Immigration, Politics


There are words that hurt, that stain, that do a lot of damage. Donald Trump, for example, has been repeating recently that immigrants “are poisoning the blood of our country.”

In an interview with The National Pulse, he said, “Nobody has any idea where these people are coming from, and we know they come from prisons. We know they come from mental institutions and insane asylums. We know they’re terrorists. Nobody has ever seen anything like we’re witnessing right now. It is a very sad thing for our country.”

A couple of days ago, during a campaign event in Iowa, he insisted: “It’s true. They are destroying the blood of our country … They don’t like it when I said that.”

The problem with the two paragraphs above is that they are lies. Immigrants contribute enormously to the life, economy and culture of the United States. Far from contaminating the blood of the country, they revitalize it. Immigrants pay taxes, create jobs and bring new ideas. The United States is not a superpower without immigrants.

Those Trump words are the 2023 version of his slurs in 2015, when he branded Mexican immigrants as “rapists” ans “criminals.” But Trump is not the only one attacking immigrants, unjustly and without any basis.

Texas Gov. Gregg Abbott in September declared “an invasion” on the US border with Mexico. Problem is, no country is invading – Mexico has not declared war on the United States. And any invasion could only be declared by the federal government, not a state governor.

Despite that, Abbott went on to sign several laws that allow the construction of more border walls to block the entry of migrants, and the arrest of undocumented migrants by law enforcement officials in the state. It’s true that a lot of people are entering without documents. But to say that there’s an “invasion” along the border with Mexico is absurd and totally false.

That’s what politicians do to win votes. They invent an enemy, talk about an invasion and don’t don’t bother to tell the truth.

“There will be many elections in 2024. Some politicians are already using the slogan of ‘invasion’ by migrants and refugees to gain votes,” Filippo Grandi, the UN high Commissioners for Refugees, wrote recently on X, formerly known as Twitter. “That argument is both wrong and useless in responding to the challenges of human mobility. Solutions exist and can be just and effective.”

Nevertheless, they continue to arrive.

We cannot hide that.

The images from the border are impressive. I was there several times this year and I don’t remember seeing anything like it. Entire families are arriving from Venezuela and the most dangerous places on the continent in search of a second chance. On Monday, Dec. 18, 12,600 undocumented migrants were detained along the border, a 24-hour record. And during Fiscal Year 2023, which ended Sept. 30, 2.4 million people who crossed the border illegally were detained, more than the 2.1 million detained in FY 2022 and the 1.7 million stopped in FY 2021. All were records.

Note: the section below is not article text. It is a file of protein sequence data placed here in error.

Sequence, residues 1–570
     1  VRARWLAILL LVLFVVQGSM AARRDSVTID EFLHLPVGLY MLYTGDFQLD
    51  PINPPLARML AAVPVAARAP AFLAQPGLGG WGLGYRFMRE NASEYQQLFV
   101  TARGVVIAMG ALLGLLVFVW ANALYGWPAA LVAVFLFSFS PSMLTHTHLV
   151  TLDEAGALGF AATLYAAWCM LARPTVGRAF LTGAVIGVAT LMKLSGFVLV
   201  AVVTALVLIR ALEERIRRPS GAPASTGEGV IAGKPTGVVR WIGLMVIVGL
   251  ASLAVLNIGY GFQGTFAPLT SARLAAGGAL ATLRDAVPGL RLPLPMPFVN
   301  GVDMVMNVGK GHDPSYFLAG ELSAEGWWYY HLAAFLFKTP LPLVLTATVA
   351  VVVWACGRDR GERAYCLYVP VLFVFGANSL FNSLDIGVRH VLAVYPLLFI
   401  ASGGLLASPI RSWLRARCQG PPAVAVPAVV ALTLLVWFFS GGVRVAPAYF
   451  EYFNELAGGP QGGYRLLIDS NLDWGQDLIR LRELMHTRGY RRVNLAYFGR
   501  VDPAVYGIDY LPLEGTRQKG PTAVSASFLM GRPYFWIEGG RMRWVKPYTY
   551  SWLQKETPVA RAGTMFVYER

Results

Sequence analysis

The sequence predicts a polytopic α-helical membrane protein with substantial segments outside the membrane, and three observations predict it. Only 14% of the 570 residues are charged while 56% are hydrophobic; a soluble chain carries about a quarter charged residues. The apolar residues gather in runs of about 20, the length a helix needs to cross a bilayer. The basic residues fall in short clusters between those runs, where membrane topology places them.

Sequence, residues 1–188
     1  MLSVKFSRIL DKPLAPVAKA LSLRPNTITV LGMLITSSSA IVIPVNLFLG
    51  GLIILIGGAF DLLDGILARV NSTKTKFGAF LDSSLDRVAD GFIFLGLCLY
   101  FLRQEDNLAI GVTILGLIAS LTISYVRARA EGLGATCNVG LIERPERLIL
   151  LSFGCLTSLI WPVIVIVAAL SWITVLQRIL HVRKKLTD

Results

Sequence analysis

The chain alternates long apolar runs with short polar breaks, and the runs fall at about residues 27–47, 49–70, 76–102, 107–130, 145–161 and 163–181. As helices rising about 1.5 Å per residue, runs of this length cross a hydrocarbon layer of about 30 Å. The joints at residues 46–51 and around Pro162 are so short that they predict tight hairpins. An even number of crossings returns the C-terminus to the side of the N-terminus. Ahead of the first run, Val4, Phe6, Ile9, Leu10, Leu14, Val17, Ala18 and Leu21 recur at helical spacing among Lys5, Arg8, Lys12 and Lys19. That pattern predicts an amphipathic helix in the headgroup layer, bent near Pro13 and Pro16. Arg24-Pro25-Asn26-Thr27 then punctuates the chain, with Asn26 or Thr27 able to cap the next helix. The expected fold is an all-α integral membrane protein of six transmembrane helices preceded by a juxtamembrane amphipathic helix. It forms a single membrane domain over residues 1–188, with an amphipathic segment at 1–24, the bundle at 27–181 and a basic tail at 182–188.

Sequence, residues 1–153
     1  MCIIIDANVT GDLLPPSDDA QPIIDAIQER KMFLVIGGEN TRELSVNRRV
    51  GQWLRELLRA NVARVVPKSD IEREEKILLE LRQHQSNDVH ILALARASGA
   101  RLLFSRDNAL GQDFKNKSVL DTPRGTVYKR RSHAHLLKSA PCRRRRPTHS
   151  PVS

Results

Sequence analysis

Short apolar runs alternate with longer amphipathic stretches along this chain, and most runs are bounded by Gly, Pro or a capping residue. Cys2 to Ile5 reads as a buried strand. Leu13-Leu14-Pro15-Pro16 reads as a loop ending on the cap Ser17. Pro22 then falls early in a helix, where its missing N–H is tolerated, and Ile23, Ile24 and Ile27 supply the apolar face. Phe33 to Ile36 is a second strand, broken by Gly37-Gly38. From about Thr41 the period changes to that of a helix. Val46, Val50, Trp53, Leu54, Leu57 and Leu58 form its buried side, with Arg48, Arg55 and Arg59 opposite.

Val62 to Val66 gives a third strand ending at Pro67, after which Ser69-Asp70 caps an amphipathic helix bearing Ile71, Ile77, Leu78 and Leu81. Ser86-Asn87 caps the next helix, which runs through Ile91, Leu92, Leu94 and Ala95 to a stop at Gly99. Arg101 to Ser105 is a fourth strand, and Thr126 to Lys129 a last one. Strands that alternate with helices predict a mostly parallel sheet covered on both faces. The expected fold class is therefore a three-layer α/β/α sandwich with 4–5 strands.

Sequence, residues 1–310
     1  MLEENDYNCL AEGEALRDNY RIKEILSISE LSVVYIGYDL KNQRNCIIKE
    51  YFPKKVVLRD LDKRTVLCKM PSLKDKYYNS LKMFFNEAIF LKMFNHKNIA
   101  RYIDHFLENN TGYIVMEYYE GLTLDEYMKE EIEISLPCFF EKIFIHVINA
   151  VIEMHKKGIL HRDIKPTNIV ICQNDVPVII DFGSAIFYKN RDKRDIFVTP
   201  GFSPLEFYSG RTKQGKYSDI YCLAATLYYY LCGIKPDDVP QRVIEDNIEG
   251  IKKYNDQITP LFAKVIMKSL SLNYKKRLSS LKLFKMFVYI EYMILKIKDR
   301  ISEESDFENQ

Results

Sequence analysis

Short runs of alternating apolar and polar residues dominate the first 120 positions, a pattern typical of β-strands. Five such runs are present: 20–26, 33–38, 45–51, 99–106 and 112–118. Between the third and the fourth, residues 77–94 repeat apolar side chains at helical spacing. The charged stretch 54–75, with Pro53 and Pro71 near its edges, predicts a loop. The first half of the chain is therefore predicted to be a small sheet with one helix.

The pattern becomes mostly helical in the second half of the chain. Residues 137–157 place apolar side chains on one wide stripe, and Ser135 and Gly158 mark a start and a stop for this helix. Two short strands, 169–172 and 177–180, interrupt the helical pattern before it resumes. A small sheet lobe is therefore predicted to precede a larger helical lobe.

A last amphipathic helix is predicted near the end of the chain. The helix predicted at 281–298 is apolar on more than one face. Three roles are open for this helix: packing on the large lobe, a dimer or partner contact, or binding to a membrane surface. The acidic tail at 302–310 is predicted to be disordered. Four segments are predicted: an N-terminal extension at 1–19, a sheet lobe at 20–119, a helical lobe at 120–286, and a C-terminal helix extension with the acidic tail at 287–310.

Facing this crisis along the border, we need solutions, not new attacks on immigrants. To flee from violence, poverty and dictatorship is not a crime. The problem is that many of the anti-immigrant phrases and attitudes in the United States are popping up in other parts of the world. Bad ideas are crossing the oceans.

For example, Mexico and the United States negotiated an agreement to force many Central and South American migrants to wait in Mexico for word on their US immigration procedures. This agreement, signed by Trump and President López Obrador and known as “Remain in Mexico,” could be in violation of the rights of those fleeing violence or political persecution. But something similar is happening in Great Britain.

The British parliament is considering a proposal to send asylum seekers to Rwanda while they wait for UK courts to rule on their applications, which could take years. The proposal is designed to stop the flow of the thousands of migrants who arrive each year illegally aboard boats from France. It has been widely criticized, could violate international agreements and is not certain to win approval. Why send them to Rwanda? That’s another long and complicated story. But it reflects an effort to reduce and control migrant arrivals. In any way possible.

These kinds of proposals are dangerous, and can spread easily.

Migration is a global phenomenon that will not be stopped with walls, speeches, extremism or airplane tickets to Rwanda. But bad ideas travel fast. And, in a time of elections, attacking immigrants – the world’s most vulnerable people – is the new piñata for politicians without heart, imagination or solutions. The barbaric words of Trump and Abbott will soon be repeated in the darkest corners of the planet.

By Jorge Ramos Ávalos

Image by: Conor Sexton on Unsplash

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Jorge Ramos has been the anchorman for Noticiero Univision since 1986. He writes a weekly column for more than 40 newspapers in the United States and Latin America, and provides daily radio commentary for the Radio Univision network. Ramos also hosts Al Punto, Univision’s weekly public affairs program offering analysis of the week’s top stories, and Fusion’s AMERICA with Jorge Ramos, a news program geared towards young adults. Ramos has won eight Emmy awards and is the author of ten books, most recently, STRANGER - The Challenge of a Latino Immigrant in the Trump Era.

A survey conducted by the Pew Hispanic Center found that Ramos is the second most recognized Latino leader in the country. Latino Leaders magazine chose him as one of “The Ten Most Admired Latinos” and “101 Top Leaders of the Latino Community in the U.S.”